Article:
Ear pain and TMJ pain can be the first symptom of a TMJ problem. In most cases, the ear examination findings are normal. MRIs and CAT scans are normal.
TMJ ear pain can come from referred pain to one or both ears from stressed jaw muscles.
Ear pain and TMJ pain can be the first symptom of a TMJ problem. Unfortunately, the first doctor that most patients see is not a dentist but an Ear, Nose and Throat physician. In most cases, the ear examination findings are normal. The problem is that physicians are not trained to diagnose dental and TMJ problems and many patients never get correctly diagnosed. Many patients have made numerous visits from one physician to another and some have even been hospitalized by a neurologist. They have MRIs and CAT scans and everything is normal!
TMJ ear pain can come from referred pain to one or both ears from stressed jaw muscles. It's not uncommon for a patient to arrive in an emergency room with arm pain coming from the heart. The same is true with referred pain from the chewing muscles. If the chewing muscles dysfunction and hurt, the pain can be felt in the ears.
If the jaw muscles go into spasm and hurt, they can cause tightening of the surrounding muscles. The inner ear has several muscles that can shorten and cause ringing in the ears and/or TMJ ear pain. It's so common that it's part of the TMJ syndrome. This TMJ symptom and many others often disappear in many patients after six weeks of TMJ treatment. Many patients also have ringing in the ears and/or vertigo/dizziness from this problem.
Patients with TMJ problems often have a joint that is badly aligned and pushes backwards towards the ears. The back of a human jaw joint has a lot of very sensitive tissue that hurts when it is compressed. A patient's body often tries to correct this problem by pulling the jaw joint forward and this takes muscle power. Muscles were not designed to hold bones in one place for a long time. As a result, an overworked muscle first goes into spasm, begins to hurt, gets inflamed and begins to shorten and get hard. Every other muscle in the area is usually affected.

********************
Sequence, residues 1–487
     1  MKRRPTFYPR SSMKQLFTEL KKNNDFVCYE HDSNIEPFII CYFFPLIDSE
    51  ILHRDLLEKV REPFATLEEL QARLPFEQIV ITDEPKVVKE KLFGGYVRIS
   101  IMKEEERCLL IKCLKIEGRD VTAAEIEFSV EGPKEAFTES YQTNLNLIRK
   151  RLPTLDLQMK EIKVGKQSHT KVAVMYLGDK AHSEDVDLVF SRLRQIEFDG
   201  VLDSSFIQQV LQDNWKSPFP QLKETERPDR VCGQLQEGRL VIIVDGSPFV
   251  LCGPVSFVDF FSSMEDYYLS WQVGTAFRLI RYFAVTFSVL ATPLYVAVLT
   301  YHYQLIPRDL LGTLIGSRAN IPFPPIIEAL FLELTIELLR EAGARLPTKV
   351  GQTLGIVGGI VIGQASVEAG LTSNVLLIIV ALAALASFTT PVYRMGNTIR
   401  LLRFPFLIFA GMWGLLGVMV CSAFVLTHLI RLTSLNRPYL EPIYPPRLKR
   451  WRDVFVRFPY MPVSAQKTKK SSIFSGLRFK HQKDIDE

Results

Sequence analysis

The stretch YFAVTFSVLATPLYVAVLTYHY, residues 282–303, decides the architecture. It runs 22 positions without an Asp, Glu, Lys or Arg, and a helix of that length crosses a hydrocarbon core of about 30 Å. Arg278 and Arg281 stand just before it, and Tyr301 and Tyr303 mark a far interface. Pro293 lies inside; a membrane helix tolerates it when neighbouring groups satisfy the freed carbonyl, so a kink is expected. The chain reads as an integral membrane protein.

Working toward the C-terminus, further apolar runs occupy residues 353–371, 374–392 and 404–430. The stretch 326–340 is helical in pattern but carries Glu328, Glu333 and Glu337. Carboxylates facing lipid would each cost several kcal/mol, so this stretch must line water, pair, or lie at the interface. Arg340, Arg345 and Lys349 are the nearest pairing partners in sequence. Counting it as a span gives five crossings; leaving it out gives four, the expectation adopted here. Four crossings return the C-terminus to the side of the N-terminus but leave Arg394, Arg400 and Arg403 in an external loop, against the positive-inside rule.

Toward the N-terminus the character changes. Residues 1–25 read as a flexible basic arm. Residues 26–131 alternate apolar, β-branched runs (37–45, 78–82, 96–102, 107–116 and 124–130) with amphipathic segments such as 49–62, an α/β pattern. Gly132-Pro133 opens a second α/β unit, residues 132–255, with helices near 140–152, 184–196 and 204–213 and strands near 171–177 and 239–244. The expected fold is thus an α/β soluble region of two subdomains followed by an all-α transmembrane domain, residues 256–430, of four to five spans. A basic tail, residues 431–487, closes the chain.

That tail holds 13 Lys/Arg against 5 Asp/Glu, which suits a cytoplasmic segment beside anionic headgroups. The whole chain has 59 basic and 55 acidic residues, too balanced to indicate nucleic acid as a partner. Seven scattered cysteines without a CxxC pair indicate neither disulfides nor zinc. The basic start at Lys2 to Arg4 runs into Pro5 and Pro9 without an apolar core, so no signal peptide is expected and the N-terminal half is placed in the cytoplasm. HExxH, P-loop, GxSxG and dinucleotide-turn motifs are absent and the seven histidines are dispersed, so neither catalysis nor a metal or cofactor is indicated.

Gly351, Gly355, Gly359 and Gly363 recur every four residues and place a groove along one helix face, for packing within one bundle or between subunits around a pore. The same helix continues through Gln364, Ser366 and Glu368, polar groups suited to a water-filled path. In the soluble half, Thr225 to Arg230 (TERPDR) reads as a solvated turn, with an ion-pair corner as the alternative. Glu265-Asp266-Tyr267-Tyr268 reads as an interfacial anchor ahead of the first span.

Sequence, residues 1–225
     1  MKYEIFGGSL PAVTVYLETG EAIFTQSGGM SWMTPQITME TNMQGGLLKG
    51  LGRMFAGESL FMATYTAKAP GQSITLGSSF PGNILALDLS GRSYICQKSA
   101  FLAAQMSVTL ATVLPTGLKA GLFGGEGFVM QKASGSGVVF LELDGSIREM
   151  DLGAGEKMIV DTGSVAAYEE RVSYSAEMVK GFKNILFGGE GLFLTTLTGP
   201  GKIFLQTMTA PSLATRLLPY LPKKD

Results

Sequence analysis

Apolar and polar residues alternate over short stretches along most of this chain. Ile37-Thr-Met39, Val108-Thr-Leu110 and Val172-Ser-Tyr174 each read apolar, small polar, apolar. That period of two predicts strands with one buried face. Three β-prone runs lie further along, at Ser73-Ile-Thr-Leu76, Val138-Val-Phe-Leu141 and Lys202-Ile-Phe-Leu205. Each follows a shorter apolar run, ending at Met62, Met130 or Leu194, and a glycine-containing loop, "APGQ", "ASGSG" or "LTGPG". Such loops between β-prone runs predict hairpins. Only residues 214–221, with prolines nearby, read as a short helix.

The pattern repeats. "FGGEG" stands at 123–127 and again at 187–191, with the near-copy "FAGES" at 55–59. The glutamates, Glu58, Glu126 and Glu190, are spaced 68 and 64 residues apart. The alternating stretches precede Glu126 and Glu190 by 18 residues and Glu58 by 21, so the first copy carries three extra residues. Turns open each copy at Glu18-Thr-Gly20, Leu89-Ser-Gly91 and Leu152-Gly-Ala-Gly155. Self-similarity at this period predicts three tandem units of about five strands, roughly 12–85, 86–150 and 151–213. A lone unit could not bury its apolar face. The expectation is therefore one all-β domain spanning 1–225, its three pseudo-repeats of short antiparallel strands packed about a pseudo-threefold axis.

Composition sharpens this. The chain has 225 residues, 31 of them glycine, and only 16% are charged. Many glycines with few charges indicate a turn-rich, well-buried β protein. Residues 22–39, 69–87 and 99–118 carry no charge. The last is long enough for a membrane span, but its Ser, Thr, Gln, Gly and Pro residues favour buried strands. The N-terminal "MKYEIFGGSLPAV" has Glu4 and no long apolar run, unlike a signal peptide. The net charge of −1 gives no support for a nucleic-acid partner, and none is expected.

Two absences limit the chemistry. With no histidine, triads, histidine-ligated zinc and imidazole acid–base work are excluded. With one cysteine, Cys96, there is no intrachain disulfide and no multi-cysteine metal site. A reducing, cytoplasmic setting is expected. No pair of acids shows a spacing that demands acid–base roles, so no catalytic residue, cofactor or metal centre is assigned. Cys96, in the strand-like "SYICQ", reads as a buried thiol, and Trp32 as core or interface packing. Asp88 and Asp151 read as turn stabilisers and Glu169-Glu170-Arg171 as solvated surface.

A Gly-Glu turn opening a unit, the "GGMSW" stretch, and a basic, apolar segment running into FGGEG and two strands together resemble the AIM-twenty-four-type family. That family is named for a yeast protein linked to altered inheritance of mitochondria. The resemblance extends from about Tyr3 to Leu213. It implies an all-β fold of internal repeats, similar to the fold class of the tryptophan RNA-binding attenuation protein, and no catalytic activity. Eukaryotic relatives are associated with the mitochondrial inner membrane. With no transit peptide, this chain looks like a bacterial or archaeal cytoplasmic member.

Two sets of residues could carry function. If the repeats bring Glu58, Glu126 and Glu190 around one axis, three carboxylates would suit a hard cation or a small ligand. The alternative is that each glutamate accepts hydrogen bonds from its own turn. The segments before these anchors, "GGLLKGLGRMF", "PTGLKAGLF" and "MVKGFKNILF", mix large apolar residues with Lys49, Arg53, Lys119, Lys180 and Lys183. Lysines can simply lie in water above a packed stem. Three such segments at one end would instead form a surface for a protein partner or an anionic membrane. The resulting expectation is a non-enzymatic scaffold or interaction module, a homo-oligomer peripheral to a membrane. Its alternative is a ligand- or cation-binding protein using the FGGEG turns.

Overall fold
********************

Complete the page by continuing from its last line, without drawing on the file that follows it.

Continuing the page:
It is not uncommon for TMJ patients to enjoy relief from their ringing in the ears after one to six weeks of TMJ therapy. This is because the cause with TMJ patients is the compression of the back of the joint. A dental orthotic/appliance prevent a patient from compressing these tissues and therefore protect the tissues in the back of the joint. The TMJ muscles then relax and this includes the muscles inside the middle ear that are related these ear problems.
The temporomandibular joints are located just in front of the ears. Tenderness and deep pain in the TMJs and surrounding areas can also cause ear ache and decreased hearing. With time ringing in the ears (tinnitus) can occur. Eventually, the middle ear can be affected causing vertigo or dizziness. These problems along with combinations of other TMJ symptoms can cause difficulty sleeping (insomnia). TMJ sufferers often have pain in one or both of the jaw joints and TMJ pain is common. The jaw joints may have clicking and popping noises. These are called TMJ noises. This can progress to lock jaw.
About 50% of patients with a TMJ disorder notice ear pain and do not have signs of ear infection. The ear pain is usually described as being in front of or below the ear. Often, patients are treated multiple times for a presumed ear infection, which can often be distinguished from TMJ disorder by an associated hearing loss or ear drainage (which would be expected if there really was an ear infection). Because ear pain occurs so commonly, ear specialists are frequently called on to make the diagnosis of a TMJ disorder.
Grinding, crunching, or popping sounds, medically termed crepitus, are common for patients with a TMJ disorder. These sounds may or may not be accompanied by increased pain.
Of patients with a TMJ disorder, 40% report a vague sense of dizziness or imbalance (vertigo). The cause of this type of dizziness is not well understood.
About 33% of patients with a TMJ disorder describe muffled, clogged, or full ears. They may notice ear fullness and pain during airplane takeoffs and landings. These symptoms are usually caused by eustachian-tube dysfunction, the structure responsible for the regulation of pressure in the middle ear. It is thought that patients with TMJ disorders have hyperactivity (spasms) of the muscles responsible for regulating the opening and closing of the eustachian tube.
For unknown reasons, 33% of patients with a TMJ disorder experience noise or ringing in the ears (tinnitus). Of those patients, half will have resolution of their tinnitus after successful treatment of their TMJ disorder.